Note: For the victims of the incidents at the World Trade Center and the Pentagon:
May God grant that many were in a state of Grace.
Requiem aeternam dona eis Domine,
et lux perpetua luceat eis.
Note: For readers of the following special analysis, what should be borne in mind at all times is that what is at stake in the world today is not physical lives and deaths, but the Eternal verities such as Justice, Reason, Supernatural Truth and the like. It's not a matter of a body count. It's a matter of Right and Wrong.
The Americans say either you are with us or you are with the terrorists. That is something God should say. Adnan Omran, Syrian Minister of Information
Readers are (as usual) thanked for their patience in waiting for Part III of the WTC-attacks Special Bulletin. Nothing revolutionary here, but perhaps our brief (though perhaps not sufficiently so!) discussion of Islam vs. the West will go some ways toward bringing some clarity and common sense into an aspect of the Sept. 11 events which has wholly lacked both of those qualities since then.
We hear a lot about Islam vs. the West. What is most disturbing is that the same mantra comes at us from all sides, and is repeated by sources both suspect and credible. Bin Laden has, not surprisingly, called for a general assault by his Muslim followers on Jews and Crusaders which translates, in simplistic terms, into a cry for war with the West. The American and Israeli press (both predominantly Jewish) has, of course, called for an all-out war against those who challenge Western values and attack Western-style freedom and democracy. And within Catholic circles, some conservative, some traditional, the claim is made that we are experiencing the start of a third-millennium rise of Islam, which, of course, must be stopped by the West.
The problem is that each of these perspectives lacks either a basic foundation in the Truth or a consideration of the full picture. Bin Laden's call to attack the West lacks a supernatural geo-political perspective because it is concerned ONLY with defending the rights, albeit in some cases legitimate, of Muslim states. The media perspective is faulty because it equates the West with the Enlightenment, secularism, and materialism. And the analysis put forward by some Catholic parties is flawed not so much in itself as in what it leaves out of consideration Judeo-Masonry.
By Way of Introduction.
Commentary on the geopolitical situation of 2001 can be neither complete nor sufficient if it fails to take into account the Jewish Nation. The temporal power that the Jews have achieved since, picking a somewhat arbitrary date, 1789, is both pervasive and relatively unchallenged. Some readers will doubtless call this extremism, anti-Semitism, and, God-forbid, some strange brand of Nazi fanaticism. On the contrary. It is simply a fact. The forces of high finance, government, and the media have been in largely Jewish hands for some time now; we should therefore expect that the direction in which the world is guided by those forces (or at least in which those forces attempt to guide the world) largely corresponds to a generally Jewish aim.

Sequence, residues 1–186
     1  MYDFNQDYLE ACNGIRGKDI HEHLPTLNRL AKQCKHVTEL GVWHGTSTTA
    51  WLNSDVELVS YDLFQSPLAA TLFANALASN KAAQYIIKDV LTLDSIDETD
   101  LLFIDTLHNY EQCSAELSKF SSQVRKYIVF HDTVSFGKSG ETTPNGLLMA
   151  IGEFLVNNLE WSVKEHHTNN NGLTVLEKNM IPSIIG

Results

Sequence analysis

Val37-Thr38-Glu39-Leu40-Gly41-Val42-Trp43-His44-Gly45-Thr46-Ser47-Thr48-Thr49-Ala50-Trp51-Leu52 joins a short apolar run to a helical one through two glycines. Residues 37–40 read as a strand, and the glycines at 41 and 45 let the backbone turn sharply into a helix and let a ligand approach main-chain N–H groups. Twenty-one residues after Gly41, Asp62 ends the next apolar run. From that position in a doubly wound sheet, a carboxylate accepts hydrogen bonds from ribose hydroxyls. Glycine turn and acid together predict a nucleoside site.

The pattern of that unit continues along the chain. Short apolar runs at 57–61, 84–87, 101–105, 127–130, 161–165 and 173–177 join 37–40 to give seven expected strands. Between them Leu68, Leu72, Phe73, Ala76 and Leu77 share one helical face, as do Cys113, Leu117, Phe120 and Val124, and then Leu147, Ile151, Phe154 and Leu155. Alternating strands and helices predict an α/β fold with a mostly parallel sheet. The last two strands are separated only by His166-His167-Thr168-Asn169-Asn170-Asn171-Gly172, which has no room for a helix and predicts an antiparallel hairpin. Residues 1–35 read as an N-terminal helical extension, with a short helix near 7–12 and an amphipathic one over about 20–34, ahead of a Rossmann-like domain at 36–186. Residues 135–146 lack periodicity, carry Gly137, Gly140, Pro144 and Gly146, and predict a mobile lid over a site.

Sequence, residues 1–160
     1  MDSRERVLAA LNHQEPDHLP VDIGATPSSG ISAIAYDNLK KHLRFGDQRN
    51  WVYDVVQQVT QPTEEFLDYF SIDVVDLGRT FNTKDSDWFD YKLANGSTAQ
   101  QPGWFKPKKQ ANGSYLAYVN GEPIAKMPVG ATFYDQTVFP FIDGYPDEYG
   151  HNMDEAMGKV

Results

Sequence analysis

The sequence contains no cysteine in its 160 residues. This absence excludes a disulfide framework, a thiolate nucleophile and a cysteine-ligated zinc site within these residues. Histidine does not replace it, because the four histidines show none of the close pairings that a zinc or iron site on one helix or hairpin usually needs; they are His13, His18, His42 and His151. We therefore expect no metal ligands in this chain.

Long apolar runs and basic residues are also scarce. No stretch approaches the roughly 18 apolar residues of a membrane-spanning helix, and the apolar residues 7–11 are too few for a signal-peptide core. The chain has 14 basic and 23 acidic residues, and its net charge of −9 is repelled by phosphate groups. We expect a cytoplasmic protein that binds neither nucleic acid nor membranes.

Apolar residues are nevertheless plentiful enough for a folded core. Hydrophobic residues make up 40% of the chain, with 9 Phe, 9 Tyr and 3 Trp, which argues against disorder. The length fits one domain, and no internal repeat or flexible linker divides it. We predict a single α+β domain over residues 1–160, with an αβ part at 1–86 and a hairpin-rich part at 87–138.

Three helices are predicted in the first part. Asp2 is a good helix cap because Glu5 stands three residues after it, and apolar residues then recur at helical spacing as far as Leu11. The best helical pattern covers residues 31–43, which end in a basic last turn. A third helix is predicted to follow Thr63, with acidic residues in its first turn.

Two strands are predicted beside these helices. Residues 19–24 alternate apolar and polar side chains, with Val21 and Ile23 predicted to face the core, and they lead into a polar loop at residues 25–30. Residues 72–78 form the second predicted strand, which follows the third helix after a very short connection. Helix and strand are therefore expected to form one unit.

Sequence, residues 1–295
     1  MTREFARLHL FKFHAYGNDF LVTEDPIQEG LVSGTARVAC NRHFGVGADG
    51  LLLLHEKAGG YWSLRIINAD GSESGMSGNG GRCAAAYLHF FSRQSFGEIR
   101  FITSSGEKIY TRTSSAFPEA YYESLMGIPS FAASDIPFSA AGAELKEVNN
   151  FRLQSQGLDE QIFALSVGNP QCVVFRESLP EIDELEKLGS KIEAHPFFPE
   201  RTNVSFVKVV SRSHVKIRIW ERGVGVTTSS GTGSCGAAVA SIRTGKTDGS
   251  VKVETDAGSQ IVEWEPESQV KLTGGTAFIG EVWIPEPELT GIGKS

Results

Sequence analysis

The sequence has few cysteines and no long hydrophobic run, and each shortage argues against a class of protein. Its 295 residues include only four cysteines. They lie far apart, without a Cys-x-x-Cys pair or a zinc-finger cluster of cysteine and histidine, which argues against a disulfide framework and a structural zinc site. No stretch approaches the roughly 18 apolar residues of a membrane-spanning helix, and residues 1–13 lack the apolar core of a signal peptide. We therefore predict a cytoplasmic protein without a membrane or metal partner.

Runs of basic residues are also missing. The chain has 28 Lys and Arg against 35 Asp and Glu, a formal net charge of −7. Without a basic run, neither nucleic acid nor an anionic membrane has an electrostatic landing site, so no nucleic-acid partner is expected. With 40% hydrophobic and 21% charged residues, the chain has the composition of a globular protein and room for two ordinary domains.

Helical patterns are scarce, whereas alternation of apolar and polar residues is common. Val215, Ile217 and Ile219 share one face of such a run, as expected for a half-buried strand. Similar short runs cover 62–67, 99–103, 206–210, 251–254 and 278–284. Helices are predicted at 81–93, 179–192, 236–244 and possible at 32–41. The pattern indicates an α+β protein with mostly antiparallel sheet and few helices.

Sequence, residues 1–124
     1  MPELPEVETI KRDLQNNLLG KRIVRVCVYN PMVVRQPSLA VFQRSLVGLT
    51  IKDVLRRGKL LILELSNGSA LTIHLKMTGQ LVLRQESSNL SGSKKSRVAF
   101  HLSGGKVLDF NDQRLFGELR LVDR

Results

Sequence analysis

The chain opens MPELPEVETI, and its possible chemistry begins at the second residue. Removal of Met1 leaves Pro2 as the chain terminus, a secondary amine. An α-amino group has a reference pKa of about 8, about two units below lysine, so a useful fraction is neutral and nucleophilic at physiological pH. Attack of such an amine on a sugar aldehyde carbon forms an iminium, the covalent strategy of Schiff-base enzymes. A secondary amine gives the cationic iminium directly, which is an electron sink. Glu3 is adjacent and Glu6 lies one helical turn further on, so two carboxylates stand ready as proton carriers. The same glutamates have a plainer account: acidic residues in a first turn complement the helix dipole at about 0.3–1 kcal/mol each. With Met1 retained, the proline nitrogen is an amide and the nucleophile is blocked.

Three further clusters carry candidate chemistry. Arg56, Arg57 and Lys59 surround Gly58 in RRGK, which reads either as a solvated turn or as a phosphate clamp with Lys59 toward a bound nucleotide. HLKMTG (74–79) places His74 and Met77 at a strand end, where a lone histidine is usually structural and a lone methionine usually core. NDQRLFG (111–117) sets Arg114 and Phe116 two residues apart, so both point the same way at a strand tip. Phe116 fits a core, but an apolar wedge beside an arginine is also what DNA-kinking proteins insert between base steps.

Bear in mind as well that none of this is to rule out profound and sometimes violent disagreements between members of the numerous factions of Judaism, nor is it to forget that world Judaism and world Jewry are not at all the same things, given the fact that depending upon who is asked, what makes someone Jewish is anything from their religious persuasion, to their ethnicity, to their nationality, to the religion or ethnicity of their maternal parent.
Nevertheless, the relative unity of this Jewish aim is apparent, verifiable and factual. The aim is clear from the famous and yet rather disturbing statement found in the Jewish World of February 9, 1883: The great ideal of Judaism is that the whole world should be imbued with Jewish teachings, and that in a universal Brotherhood of nations a greater Judaism in fact all the separate races and religions shall disappear. It is as clear from the fascinating statement found in Antisemitism, by the French Jew Bernard Lazare The nineteenth century witnessed the last effort on the part of the Christian state to retain its dominance. Antisemitism represents one phase of the struggle between the feudal state, based upon unity of belief, and the opposite notion of a neutral and secular state, upon which the greater number of political entities are at present based. The Jew is the living testimony of the disappearance of that state which had its foundations in theological principles the entrance of the Jew into society marked the destruction of the State, meaning by State, the Christian State. A century later it is no less clear, and we see it in the pride and sarcasm with which Leon Wieseltier, writing for the New Republic in March of 2000, recounts for us the destruction of the essential principle of Christian law and Christian government which he terms the Church's holy alliance with the state by the politics of his co-religionists: it is worth recalling that it was modern politics, liberal politics, secular politics that dissolved this unholy association of religion and power. As Fr. Fahey so eloquently put it in The Mystical Body of Christ and the Modern World, commenting on the Jewish World article above-cited, the Jewish program is a challenge to the Catholic Church to a duel to the death. And on the natural plane the Jewish program seems to be winning.